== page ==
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Colonialism and the Transformation of Hinterlands

Colonialism and the Transformation of Hinterlands

Chapter:
(p.33) Chapter 2 Colonialism and the Transformation of Hinterlands
Source:
Democracy in the Woods
Author(s):
Prakash Kashwan
Publisher:
Oxford University Press
DOI:10.1093/acprof:oso/9780190637385.003.0003

This chapter examines the variation in the institutional legacies—including the property regimes—of British, German, and Spanish colonial administrations in the hinterlands of India, Tanzania, and Mexico. Although the colonial era marked a drastic shift in the levels of resource exploitation in these countries, this chapter shows that native societies’ precolonial orders also shaped the institutional legacies of colonial regimes. Departing from much of the existing comparative analysis of British and Spanish colonialism, it argues that Spanish colonialism in Mexico left a relatively less constraining institutional legacy for indigenous forest-dependent groups when compared with British colonialism in India and Tanzania, each of which inherited a legacy of state-led landlordism in the hinterlands. Finally, while India inherited a very strongly organized elite Indian Forest Service, Tanzania inherited a more fragmented forestry administration.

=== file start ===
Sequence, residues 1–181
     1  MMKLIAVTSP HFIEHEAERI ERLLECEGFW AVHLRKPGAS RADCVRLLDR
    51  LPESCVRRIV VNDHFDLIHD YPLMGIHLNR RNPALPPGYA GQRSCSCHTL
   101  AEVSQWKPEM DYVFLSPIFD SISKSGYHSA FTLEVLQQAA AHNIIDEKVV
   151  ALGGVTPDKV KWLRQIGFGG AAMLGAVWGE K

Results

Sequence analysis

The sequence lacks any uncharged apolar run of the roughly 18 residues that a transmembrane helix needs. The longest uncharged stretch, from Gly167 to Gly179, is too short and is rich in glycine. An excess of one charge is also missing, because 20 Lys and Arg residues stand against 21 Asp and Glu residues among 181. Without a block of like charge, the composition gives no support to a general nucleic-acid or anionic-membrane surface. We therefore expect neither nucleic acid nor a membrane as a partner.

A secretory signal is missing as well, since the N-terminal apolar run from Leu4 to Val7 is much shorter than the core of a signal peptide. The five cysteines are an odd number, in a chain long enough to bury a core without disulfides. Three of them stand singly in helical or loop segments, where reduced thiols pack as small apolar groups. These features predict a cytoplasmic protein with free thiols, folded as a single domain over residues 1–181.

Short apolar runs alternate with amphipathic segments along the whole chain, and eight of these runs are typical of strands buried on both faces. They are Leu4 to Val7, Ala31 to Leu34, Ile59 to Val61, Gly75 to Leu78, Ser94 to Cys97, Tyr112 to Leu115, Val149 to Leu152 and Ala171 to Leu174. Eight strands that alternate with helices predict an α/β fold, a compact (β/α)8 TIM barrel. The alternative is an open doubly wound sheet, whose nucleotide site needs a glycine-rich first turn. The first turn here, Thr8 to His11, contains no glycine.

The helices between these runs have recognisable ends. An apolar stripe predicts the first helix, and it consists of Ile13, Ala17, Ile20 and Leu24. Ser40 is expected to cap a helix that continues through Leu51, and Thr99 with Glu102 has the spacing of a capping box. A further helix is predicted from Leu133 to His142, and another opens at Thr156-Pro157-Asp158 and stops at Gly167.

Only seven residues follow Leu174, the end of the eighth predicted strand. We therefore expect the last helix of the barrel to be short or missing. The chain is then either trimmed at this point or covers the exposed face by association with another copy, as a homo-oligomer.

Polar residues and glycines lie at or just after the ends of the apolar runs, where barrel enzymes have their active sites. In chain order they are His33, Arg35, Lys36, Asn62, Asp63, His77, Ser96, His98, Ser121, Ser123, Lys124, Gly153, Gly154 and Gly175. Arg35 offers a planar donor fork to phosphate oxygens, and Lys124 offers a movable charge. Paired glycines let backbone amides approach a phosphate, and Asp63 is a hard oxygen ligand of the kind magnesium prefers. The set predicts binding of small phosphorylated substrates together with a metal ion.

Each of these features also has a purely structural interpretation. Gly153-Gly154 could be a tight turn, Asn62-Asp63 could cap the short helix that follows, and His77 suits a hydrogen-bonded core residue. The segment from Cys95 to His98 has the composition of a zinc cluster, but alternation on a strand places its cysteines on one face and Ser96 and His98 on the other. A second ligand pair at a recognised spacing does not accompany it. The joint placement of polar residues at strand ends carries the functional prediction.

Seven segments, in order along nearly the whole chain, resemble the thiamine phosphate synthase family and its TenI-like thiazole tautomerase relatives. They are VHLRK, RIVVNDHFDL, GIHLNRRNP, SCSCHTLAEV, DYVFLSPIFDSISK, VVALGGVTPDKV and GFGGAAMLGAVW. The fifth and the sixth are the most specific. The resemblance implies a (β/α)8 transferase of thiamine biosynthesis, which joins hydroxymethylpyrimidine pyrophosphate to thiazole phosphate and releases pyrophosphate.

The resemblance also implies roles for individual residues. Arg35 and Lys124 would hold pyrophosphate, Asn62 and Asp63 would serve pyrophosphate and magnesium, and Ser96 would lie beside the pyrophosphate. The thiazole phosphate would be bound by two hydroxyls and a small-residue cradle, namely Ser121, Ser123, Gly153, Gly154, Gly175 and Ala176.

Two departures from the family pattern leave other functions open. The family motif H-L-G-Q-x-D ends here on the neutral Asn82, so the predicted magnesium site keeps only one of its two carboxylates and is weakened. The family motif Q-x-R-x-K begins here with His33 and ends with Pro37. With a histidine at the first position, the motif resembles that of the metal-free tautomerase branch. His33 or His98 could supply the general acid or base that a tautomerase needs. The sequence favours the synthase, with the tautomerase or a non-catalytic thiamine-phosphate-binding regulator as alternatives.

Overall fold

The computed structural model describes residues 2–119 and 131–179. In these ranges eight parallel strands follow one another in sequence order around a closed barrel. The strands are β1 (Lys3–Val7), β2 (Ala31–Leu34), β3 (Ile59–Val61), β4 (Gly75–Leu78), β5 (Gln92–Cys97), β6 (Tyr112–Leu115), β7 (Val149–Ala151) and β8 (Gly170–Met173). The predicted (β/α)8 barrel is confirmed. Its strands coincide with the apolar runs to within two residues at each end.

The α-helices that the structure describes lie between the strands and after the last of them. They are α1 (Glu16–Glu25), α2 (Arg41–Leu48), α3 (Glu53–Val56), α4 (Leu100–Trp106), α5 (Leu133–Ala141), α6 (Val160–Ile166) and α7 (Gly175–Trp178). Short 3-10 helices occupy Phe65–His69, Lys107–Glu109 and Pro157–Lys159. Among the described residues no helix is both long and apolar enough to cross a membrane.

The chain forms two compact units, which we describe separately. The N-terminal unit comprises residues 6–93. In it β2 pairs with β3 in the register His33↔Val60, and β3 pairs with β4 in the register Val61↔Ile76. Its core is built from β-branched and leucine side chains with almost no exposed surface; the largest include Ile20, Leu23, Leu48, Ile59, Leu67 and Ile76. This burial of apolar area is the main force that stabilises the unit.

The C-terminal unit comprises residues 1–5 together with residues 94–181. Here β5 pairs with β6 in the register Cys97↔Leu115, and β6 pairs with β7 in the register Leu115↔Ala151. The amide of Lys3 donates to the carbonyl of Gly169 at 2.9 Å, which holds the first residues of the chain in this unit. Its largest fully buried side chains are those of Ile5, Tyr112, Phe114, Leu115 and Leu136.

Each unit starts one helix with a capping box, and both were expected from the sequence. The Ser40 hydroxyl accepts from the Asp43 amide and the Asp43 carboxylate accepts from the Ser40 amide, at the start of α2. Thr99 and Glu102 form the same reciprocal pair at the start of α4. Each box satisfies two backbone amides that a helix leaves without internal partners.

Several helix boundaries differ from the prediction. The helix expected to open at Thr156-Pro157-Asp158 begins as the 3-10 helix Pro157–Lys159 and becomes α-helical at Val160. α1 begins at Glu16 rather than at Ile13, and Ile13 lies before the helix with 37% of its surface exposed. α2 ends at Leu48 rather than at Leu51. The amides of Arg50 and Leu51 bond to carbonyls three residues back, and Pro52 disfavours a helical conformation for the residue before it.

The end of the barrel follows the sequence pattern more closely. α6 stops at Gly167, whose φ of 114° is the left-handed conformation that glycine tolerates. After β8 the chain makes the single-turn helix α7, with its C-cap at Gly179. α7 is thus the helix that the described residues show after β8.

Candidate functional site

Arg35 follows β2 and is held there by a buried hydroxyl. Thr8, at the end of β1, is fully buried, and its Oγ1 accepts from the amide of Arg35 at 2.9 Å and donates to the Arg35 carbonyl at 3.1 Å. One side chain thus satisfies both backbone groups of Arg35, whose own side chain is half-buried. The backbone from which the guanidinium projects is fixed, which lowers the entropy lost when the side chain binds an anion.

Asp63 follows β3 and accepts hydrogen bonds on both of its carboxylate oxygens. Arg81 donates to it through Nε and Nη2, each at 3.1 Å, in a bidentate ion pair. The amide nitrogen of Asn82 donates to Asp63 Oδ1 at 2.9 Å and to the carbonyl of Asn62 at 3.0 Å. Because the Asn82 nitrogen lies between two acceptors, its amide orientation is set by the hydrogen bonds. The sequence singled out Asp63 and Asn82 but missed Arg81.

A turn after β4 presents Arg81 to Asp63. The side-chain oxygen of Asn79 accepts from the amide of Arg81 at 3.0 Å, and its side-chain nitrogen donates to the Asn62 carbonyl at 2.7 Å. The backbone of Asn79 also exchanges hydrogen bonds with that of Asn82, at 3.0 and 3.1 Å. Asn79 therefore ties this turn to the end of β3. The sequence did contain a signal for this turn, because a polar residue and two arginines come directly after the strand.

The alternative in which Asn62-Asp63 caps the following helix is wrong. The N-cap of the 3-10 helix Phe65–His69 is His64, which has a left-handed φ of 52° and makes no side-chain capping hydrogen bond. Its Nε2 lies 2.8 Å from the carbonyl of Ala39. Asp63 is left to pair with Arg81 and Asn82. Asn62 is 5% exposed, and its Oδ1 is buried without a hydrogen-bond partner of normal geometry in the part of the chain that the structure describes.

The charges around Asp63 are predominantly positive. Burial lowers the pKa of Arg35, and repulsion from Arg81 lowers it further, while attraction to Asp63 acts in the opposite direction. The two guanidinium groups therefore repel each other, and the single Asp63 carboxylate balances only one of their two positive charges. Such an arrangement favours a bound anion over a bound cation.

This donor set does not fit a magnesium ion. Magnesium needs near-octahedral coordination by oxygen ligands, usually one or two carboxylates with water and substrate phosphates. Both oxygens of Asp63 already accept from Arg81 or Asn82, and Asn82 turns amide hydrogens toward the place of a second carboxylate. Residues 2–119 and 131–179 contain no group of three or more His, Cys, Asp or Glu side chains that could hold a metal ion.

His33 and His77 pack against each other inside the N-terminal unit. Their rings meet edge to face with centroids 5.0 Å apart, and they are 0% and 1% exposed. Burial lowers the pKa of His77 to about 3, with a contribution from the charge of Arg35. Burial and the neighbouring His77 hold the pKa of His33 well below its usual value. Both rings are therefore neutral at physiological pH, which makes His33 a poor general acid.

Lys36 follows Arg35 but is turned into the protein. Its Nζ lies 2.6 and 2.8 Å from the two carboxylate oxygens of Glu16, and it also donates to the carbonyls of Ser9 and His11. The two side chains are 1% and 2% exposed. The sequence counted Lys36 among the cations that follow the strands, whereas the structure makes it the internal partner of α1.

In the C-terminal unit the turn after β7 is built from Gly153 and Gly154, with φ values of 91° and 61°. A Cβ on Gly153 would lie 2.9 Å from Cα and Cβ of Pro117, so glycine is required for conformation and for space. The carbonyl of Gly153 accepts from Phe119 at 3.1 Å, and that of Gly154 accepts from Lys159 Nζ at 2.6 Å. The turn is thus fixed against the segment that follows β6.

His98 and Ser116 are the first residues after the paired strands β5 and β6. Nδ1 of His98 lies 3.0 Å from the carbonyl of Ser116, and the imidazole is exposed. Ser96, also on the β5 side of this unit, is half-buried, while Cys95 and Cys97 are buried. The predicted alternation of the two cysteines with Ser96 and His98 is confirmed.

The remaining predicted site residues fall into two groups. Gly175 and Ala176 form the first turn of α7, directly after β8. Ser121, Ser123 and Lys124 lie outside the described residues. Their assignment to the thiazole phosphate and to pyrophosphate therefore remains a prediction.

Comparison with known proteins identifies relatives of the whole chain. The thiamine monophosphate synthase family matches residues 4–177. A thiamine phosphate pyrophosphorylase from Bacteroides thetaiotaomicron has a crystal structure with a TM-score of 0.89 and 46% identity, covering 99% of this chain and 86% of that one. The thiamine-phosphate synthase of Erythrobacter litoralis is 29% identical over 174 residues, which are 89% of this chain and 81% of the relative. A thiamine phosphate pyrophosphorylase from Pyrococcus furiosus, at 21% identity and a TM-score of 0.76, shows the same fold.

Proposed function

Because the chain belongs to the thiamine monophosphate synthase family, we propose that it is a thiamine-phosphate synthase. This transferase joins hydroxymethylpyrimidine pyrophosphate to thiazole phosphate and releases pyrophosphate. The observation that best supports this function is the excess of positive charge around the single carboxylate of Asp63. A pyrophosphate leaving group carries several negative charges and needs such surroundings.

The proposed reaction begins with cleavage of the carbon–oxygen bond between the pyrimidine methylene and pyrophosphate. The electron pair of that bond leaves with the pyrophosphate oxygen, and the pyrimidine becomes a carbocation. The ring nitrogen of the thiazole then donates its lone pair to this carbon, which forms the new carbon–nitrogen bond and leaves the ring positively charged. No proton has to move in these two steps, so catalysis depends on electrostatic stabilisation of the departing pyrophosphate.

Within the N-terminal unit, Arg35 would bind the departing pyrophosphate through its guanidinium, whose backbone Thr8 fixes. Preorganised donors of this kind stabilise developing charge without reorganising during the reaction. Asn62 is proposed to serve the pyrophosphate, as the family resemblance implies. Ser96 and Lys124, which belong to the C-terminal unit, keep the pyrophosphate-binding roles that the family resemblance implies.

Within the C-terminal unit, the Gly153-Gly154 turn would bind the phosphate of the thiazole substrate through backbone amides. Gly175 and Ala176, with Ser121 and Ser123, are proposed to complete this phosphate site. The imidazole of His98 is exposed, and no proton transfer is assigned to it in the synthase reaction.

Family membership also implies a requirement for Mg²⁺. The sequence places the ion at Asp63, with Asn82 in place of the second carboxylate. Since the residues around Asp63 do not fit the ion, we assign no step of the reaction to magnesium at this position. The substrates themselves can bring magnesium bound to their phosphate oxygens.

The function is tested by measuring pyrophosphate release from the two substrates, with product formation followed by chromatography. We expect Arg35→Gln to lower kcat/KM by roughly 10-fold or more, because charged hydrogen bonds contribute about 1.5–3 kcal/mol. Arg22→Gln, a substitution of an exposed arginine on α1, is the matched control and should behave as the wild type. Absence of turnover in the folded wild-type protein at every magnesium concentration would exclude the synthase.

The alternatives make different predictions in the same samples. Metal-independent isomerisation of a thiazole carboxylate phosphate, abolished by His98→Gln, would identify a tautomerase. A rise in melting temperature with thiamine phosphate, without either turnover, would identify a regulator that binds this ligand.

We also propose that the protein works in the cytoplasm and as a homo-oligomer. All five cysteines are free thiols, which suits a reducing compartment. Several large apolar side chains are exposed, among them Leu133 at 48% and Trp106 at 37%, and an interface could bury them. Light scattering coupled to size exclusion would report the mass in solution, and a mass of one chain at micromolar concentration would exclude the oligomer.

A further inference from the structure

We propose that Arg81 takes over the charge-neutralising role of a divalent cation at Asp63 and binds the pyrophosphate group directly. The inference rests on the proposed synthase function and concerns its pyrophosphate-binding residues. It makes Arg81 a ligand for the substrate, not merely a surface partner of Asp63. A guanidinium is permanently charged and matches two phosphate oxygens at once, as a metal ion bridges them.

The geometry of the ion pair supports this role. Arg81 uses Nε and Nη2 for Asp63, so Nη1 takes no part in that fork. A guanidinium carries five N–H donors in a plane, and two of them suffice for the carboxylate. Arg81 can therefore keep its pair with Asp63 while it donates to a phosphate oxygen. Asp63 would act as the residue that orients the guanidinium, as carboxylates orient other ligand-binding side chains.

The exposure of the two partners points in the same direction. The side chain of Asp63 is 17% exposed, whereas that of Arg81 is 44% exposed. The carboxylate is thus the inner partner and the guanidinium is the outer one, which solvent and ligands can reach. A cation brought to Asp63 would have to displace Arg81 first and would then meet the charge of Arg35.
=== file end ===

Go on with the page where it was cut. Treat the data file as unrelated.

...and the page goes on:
Keywords:   comparative colonialism, Spanish, British, path dependence, Locke, Castilian, colonial conservation

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